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Another season, another state semifinal run from a team in the 4th Region. For the second straight year, Warren Central made the run to the final four of the Sweet 16, making it five of the last six seasons the region’s representative made it that far. Six teams reached the 20 win plateau a season ago, though half the region also finished with losing records. Several teams return 4 or more starters, which sets the table for a highly competitive season. Of course, it wouldn’t be the 4th Region without the 14th District serving as favorites, as their state-longest streak is now at 18 consecutive region champions.

Preseason 4th Region Rankings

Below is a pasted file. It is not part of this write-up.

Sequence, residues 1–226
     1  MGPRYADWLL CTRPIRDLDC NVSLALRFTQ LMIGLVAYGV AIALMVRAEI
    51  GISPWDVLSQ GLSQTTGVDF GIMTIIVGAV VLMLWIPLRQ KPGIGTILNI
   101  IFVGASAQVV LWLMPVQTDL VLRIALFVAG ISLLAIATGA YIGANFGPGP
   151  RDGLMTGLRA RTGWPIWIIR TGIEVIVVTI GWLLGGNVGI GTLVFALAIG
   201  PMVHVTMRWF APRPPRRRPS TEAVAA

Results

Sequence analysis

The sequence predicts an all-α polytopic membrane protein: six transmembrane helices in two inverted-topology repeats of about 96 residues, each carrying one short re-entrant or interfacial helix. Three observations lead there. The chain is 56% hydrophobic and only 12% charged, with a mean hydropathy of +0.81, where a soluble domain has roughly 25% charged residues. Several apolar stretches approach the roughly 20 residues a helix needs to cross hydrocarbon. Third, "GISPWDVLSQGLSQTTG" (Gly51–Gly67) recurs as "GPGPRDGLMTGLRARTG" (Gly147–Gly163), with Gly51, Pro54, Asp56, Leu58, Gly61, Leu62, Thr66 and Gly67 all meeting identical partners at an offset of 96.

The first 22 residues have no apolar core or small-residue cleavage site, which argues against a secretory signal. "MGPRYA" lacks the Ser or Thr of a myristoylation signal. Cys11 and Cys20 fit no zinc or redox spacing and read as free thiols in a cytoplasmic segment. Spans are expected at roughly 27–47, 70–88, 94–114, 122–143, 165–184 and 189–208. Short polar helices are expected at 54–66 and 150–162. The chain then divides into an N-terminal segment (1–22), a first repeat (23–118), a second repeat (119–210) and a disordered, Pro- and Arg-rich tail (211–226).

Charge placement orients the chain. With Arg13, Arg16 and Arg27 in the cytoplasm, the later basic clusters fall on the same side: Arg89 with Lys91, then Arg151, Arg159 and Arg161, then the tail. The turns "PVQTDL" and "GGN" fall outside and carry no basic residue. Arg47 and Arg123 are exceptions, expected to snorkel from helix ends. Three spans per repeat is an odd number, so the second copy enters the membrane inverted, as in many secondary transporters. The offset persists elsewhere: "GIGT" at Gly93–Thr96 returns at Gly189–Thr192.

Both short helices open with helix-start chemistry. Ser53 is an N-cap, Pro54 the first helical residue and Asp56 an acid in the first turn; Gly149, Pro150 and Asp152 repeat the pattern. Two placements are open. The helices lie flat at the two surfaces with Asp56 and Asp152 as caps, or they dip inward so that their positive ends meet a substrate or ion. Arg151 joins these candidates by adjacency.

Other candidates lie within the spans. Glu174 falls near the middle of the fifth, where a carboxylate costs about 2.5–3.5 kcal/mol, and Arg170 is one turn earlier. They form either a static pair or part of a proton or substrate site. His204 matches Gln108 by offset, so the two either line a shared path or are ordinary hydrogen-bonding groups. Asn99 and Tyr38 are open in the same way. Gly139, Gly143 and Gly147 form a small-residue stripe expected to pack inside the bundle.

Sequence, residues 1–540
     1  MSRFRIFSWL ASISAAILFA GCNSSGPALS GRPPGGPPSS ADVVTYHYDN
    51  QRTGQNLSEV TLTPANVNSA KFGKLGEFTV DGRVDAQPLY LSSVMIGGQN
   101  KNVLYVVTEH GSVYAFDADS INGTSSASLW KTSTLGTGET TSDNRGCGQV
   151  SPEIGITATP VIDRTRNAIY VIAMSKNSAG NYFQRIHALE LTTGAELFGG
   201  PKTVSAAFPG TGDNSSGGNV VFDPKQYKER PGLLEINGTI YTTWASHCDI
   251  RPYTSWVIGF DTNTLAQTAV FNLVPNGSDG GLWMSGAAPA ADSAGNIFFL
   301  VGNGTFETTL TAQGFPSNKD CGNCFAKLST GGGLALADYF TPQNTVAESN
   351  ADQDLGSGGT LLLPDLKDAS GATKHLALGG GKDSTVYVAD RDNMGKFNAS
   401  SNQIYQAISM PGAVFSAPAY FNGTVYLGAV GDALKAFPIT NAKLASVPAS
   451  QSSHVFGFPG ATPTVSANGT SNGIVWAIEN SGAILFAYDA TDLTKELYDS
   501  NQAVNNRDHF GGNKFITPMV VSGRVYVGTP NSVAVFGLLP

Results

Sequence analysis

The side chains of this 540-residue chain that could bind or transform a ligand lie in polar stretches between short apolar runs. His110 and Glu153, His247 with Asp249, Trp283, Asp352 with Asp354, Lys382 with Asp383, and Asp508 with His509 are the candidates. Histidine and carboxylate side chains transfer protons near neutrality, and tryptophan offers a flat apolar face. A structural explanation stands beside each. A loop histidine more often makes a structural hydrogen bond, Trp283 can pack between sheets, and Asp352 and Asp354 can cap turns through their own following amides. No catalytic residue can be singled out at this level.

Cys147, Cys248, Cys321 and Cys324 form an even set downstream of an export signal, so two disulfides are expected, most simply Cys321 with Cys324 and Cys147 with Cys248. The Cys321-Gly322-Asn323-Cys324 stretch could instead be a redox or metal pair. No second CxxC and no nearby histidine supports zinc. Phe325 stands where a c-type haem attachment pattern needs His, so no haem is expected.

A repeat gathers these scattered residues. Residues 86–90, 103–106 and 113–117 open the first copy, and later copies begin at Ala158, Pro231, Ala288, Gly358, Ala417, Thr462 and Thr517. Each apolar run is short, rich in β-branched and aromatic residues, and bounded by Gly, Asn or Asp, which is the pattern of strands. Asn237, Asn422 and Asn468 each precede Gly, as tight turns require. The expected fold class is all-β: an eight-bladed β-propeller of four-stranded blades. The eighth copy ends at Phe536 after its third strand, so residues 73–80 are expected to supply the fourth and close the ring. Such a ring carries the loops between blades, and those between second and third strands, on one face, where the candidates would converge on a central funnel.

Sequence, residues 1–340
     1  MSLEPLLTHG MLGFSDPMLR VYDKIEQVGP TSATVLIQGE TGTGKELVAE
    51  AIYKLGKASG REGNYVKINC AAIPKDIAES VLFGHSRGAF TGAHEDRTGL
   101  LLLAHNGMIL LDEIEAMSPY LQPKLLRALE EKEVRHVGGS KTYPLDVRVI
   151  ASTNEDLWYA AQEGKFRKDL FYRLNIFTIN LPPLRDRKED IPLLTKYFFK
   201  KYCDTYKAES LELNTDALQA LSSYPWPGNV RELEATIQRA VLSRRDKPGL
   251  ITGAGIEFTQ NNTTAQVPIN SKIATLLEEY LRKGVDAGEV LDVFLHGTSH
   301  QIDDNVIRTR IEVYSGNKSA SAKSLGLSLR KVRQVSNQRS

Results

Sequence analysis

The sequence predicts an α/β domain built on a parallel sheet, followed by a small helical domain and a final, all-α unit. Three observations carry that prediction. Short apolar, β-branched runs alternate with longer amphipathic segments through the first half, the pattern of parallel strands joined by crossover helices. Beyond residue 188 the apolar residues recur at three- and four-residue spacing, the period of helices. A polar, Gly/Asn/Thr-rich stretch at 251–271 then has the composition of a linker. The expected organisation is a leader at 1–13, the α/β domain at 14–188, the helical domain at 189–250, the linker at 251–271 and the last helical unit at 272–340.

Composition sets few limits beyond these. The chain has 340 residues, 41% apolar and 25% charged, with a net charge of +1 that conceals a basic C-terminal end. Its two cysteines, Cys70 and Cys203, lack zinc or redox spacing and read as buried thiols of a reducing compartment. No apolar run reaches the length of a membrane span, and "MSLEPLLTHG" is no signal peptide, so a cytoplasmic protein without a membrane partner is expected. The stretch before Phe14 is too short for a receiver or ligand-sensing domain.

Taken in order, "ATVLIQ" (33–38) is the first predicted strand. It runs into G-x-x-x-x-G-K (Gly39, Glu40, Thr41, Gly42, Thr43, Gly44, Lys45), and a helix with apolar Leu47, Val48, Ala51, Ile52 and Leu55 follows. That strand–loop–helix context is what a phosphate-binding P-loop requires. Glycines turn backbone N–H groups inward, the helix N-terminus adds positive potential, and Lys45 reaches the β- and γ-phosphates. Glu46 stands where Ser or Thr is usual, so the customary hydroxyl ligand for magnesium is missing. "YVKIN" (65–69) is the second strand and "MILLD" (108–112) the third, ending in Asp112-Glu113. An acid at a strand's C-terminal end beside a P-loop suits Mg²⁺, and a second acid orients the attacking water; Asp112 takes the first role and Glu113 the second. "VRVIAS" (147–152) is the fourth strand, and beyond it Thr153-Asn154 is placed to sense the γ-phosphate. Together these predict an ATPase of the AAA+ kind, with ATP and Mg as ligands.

1. Warren Central – Last year served as a stark contrast to the season before for the Dragons. Unlike the 2017/18 season when they set a school record for wins, the Dragons entered the postseason at just 16-10, and needing to make a run just to reach the 20-win plateau. They lost for the first time ever to South Warren. They were swept by Allen County-Scottsville, knocking them out of a 2A Classic run that they were anticipated to compete for a title in. Ultimately, last years Dragon team had the worst record of any region champion in program history. But at Warren Central, as nice as wins are, they measure success in region titles, and they brought home their 15th as they made a run to the Sweet 16 semifinals. Five seniors depart from last year’s squad, including three starters, most significantly Tayshaun Bibb (8.8 PPG) and Jamale Barber (5.1 PPG). What Warren Central does return is their two leading scorers, and a massive senior class. Dre Boyd headlines the class. Last year he was the team’s second leading scorer, averaging 13.8 PPG and making the Sweet 16 all-tournament team. It was there that he really shined, scoring 46 points in three games and willing his team to a victory over favored Madisonville in the quarterfinals. Boyd is long and athletic, with a nose for getting to the rim. He has spent time working on his midrange and three-point shots. If he can develop that aspect of his game, he’ll be a nightmare to matchup with. Kobe Brents returns as well, having led the team in scoring a season ago with 14.8 PPG. The sharpshooter shot 36.7% from three-point range, attempting 286 from behind the arc. He began to shoot more in the midrange in the postseason, and he took over their game against Greenwood in the second half running clearouts and pulling up from the elbow. They are two of 11 seniors on the roster. Tegra Muleka (5.9 PPG) started at times a season ago, but should finally ascend into the starting lineup for good. Geovonni Floyd (3.0 PPG) should also make a leap in his second year in the program – the key word is leap. Floyd can absolutely jump out of the gym. The fifth starter may fluctuate, as Coach Unseld will experiment with the rotation as he did a season ago. Expect a typical Dragon approach to each game, with fast pace of play and depth leveraged to wear out the opponent. Their rotation should go 9-10 deep with ease. They come out firing with a challenging schedule, opening with Wayne County, Owensboro, and Henderson County, each of which should be near the top of their regions, before giving us a strong read on the region with a home game with Glasgow on December 16th.